The Specialty Crop Research Initiative (SCRI) Citrus Disease Research and Extension Program (CDRE) is authorized in the Agricultural Act of 2014 (H.R. 2642) to award grants to eligible entities to conduct research and extension activities, technical assistance and development activities to: (a) combat citrus diseases and pests, both domestic and invasive and including huanglongbing and the Asian citrus psyllid, which pose imminent harm to United States citrus production and threaten the future viability of the citrus industry; and (b) provide support for the dissemination and commercialization of relevant information, techniques, and technologies discovered pursuant to research and extension activities funded through SCRI/CDRE and other research and extension projects targeting problems caused by citrus production diseases and invasive pests. Continue reading
An educational program for Rio Grande Valley citrus growers on the practical aspects of new water conservation technologies will be held from 8 a.m.-3 p.m. May 9 at the Lone Star Citrus Growers headquarters, 9625 N. Moorefield Road, Mission.
Registration will begin at 8 a.m. at the citrus growers’ packing house. The program is co-hosted by the Texas Water Resources Institute, Texas A&M AgriLife Extension Service, Texas A&M University-Kingsville Citrus Center and the Texas Water Development Board. Continue reading
Since the introduction of Huánglóngbìng (HLB—yellow dragon disease—better known as citrus greening disease) onto U.S. soil in a Florida citrus grove in 2005, the disease has been a major threat to commercial citrus production across the country.
Before arriving in North America, HLB had already carved a path of destruction across the Far East, Africa, the Indian subcontinent and the Arabian Peninsula, and was discovered in July 2004 in Brazil. In its wake it left citrus growers around the world astounded at the inevitable and long-lasting risks the disease poses to the global citrus industry. Continue reading
University of Florida researchers, through a Southern Sustainable Agriculture Research & Education grant, have found a natural method of reducing post-harvest citrus fruit decay.
In a SSARE Graduate Student Grant study, researchers found that essential oils, specifically carvacrol and thymol, significantly decrease ‘Ruby Red’ grapefruit natural decay, weight loss and chilling injury during storage while not affecting internal fruit quality. In addition, the essential oils also help control diplodia stem end rot (Lasiodiplodia theobromae), a fungal disease of ‘Ruby Red’ grapefruit. The results point to more sustainable alternatives of fungicide use in the industry. Continue reading
Up to 3 Research Assistant positions are available at the Center for IPM at North Carolina State University to work with citrus or other fruit tree diseases and/or insect vector systems to advance basic and applied understanding or the biology, detection, sampling and/or management of associated plant pathogens. The incumbents will be responsible for: (1) Active participation in one or more phases of the research process by performing a variety of microbiological, epidemiological, and molecular techniques for laboratory, greenhouse or field experiments; (2) Independent research design and performance of protocols for molecular and epidemiological studies using specialized equipment such as real-time PCR apparatus, compound and stereo microscopes, and have the ability to adjust protocols and develop new methods when necessary; (3) Independent performance of statistical analyses of experimental data using general statistical packages as well as specific software supplied by the lead scientist, tabulation and summarization of statistical output, preparation of graphical presentation of results and aid in preparation of written reports; (4) work in collaboration with other Biological Scientists and Technicians in conduct of laboratory, field, or greenhouse research, and assurance that they comply with procedures for research conduct under quarantine conditions. The incumbent’s duty station will be the USDA, Agricultural Research Service, U.S. Horticultural Research Laboratory in Fort Pierce, Florida.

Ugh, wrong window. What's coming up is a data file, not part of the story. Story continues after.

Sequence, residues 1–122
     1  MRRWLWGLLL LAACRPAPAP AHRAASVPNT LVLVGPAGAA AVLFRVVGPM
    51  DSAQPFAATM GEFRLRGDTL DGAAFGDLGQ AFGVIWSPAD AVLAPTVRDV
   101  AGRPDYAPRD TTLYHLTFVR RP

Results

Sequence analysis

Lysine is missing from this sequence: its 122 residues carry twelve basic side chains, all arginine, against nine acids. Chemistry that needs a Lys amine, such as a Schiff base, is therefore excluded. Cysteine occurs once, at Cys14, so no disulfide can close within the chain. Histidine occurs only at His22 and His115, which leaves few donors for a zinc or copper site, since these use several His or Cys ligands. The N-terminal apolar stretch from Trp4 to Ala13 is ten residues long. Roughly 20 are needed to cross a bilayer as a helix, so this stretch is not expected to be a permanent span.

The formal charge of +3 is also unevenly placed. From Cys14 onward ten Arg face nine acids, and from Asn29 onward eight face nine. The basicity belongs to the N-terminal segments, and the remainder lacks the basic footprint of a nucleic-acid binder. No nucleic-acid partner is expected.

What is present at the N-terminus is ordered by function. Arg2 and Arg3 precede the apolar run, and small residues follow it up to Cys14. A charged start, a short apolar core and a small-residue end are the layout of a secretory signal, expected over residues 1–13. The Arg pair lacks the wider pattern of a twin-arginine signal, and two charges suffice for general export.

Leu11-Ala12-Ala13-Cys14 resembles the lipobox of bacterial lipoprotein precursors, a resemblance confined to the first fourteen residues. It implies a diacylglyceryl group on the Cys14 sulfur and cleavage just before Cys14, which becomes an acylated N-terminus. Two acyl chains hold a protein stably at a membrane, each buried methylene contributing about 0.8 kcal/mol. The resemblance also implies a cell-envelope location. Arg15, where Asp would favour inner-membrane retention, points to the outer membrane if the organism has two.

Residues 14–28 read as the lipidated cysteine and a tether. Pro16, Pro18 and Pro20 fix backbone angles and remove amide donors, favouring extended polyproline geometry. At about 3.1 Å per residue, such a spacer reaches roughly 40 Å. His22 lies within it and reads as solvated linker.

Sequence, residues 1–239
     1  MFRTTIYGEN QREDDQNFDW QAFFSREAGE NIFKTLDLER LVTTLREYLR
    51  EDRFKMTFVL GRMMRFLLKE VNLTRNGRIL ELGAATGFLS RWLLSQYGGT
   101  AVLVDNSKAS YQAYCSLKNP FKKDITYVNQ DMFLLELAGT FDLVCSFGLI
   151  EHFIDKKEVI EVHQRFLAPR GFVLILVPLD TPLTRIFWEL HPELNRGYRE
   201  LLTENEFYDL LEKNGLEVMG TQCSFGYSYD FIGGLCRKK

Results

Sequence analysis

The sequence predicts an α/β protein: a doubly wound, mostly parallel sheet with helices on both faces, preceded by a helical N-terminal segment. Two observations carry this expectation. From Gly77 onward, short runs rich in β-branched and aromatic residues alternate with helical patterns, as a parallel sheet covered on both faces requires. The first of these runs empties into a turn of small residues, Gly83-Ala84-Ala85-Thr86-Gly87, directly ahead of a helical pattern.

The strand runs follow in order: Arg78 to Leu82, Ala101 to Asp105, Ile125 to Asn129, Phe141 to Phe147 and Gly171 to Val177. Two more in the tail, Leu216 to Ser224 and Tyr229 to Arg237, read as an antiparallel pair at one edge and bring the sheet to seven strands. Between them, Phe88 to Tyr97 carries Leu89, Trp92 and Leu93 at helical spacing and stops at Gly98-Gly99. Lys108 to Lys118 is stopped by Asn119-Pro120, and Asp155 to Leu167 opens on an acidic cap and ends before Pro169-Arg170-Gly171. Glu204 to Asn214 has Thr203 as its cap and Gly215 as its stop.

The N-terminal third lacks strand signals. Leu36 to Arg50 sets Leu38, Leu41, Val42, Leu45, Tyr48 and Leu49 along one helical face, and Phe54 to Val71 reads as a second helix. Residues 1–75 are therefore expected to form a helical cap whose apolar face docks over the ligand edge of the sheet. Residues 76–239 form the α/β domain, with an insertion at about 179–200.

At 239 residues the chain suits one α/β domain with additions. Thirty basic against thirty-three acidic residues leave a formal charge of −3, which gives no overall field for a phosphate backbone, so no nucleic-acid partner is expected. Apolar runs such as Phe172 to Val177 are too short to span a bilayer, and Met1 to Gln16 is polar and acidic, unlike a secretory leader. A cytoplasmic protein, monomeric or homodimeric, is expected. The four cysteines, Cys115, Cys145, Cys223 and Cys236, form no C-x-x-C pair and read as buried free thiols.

by Frank Giles
The notion that anything would knock HLB out of the headlines in the Florida citrus industry is hard to believe, but postbloom fruit drop (PFD) has grabbed the attention of growers across the state. For the past three seasons, the ailment has come back and is epidemic in some groves.
While HLB clearly enhances PFD, the problem, caused by the fungus Colletotrichum acutatum, has been around for a long time, being first formally described in Belize in 1979. The fungus will infect flowers of all species of citrus, creating orange-brown lesions in the blooms. The fruitlets will then drop leaving buttons behind. In more normal years, PFD effects Navel and Valencia, however this past season, Hamlins also were impacted. Continue reading
by John Hart, Southeast Farm Press
The Florida citrus industry knew citrus greening disease could come but was not well prepared to tackle the disease once it appeared.
So says Bob Shatters, a research molecular biologist with USDA’s Agricultural Research Service in Fort Pierce, Fla., who added the big lesson from the devastating disease is to keep an eye out for what’s occurring internationally and be willing to address issues before major problems occur. Continue reading
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